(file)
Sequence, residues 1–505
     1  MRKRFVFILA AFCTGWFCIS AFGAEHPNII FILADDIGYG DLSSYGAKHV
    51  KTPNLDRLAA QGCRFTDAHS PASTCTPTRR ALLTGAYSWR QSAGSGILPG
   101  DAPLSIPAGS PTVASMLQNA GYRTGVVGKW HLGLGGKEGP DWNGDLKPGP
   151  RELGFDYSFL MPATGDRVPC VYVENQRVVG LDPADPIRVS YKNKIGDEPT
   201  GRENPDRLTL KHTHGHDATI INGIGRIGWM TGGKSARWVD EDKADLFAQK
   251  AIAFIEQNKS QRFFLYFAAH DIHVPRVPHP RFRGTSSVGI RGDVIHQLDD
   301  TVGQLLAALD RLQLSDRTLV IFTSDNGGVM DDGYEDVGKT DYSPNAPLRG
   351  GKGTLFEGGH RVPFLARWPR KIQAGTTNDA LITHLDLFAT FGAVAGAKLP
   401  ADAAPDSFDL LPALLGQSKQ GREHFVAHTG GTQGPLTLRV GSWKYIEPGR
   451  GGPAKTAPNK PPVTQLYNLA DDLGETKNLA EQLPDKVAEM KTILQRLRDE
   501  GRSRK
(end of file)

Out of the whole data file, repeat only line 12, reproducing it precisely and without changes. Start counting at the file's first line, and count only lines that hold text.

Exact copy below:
   501  GRSRK